When thinking about the National Labor Relations Board under President Obama, most observers recall the 2014 decision in NLRB v. Noel Canning, in which the U.S. Supreme Court unanimously ruled that Obama’s kangaroo-court “recess appointments”—made when the Senate was not actually in recess—were invalid.
Noel Canning was a huge setback for the administration, requiring the NLRB to reconsider 700 decisions rendered during the period in which it lacked a legitimate quorum.
Few have noticed, however, that the Board has not altered its course since that defeat. President Obama managed to win Senate confirmation of enough replacements for his invalidated appointments to regain a quorum, and the reconstituted NLRB, with a Democratic advantage, has revisited and approved many of the bogus decisions issued by its defective predecessor.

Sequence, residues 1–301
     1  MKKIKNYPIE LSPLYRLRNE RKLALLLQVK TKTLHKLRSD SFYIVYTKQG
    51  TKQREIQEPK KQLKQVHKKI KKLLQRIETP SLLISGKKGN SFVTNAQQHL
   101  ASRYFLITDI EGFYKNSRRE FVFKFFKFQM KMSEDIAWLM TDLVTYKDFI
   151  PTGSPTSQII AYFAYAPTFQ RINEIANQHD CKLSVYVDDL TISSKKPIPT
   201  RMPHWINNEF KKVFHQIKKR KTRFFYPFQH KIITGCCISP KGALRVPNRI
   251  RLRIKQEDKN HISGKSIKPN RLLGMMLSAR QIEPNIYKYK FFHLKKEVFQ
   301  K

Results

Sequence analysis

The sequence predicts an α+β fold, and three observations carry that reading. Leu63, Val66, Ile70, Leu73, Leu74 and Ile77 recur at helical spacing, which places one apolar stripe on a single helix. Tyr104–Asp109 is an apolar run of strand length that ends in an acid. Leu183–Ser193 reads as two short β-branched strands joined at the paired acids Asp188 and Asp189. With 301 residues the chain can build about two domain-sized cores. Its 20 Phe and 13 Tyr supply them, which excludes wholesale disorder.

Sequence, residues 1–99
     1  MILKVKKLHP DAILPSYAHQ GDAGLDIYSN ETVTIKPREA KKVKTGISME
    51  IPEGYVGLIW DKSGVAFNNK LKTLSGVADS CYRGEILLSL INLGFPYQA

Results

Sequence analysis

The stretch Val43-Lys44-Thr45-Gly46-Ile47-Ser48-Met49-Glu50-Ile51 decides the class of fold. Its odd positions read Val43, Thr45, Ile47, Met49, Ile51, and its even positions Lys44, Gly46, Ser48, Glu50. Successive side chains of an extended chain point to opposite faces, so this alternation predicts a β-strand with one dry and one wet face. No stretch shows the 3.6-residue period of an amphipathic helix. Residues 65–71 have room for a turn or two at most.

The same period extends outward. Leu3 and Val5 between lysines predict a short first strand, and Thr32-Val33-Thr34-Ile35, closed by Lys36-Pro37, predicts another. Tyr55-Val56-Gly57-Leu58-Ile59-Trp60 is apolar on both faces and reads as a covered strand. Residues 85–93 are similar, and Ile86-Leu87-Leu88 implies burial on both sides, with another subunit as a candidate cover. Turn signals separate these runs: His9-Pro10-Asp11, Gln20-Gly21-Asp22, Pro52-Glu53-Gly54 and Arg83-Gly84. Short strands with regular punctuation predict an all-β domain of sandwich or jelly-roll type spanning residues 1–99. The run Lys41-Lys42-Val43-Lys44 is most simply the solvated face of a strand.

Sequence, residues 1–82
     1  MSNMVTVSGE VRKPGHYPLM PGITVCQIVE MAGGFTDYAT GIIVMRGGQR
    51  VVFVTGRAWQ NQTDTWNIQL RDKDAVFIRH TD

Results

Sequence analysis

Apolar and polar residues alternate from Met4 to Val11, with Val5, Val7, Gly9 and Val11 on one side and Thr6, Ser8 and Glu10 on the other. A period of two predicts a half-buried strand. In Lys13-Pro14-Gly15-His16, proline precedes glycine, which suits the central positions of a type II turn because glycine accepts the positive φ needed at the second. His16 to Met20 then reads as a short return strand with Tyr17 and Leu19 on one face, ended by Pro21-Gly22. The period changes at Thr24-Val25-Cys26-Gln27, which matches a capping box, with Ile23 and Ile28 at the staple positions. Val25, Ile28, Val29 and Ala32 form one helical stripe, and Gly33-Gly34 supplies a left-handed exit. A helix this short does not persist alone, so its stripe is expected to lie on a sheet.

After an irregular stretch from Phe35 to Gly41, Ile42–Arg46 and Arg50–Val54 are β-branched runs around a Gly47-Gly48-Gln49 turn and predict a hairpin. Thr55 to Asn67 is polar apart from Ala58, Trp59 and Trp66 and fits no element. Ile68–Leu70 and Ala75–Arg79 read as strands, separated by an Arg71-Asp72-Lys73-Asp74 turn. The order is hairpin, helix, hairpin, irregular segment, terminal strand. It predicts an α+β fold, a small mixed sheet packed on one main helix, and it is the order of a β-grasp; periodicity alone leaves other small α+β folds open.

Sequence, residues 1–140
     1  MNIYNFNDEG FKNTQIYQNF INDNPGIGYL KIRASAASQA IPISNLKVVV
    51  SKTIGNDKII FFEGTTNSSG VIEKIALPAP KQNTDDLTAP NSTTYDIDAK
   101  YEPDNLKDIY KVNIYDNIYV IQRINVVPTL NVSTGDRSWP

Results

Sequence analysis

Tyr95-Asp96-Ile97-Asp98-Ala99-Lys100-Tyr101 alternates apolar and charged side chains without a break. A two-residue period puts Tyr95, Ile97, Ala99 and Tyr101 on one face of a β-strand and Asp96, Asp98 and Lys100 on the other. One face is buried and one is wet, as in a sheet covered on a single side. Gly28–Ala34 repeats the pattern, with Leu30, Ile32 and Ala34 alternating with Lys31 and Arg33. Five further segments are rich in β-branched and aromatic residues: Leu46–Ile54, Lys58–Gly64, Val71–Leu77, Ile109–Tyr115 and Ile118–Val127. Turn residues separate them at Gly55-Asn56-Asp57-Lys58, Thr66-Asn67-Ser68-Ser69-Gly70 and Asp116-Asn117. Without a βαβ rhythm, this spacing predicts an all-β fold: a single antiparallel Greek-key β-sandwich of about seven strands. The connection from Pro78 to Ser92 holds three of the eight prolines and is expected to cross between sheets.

Why such dogged determination? Because this venerable administrative agency, established in 1935 to enforce one of the keystones of New Deal legislation, the National Labor Relations Act, presides over a steadily shrinking sector of workers. The Democratic Party is scrambling to preserve an endangered species: the private sector union.
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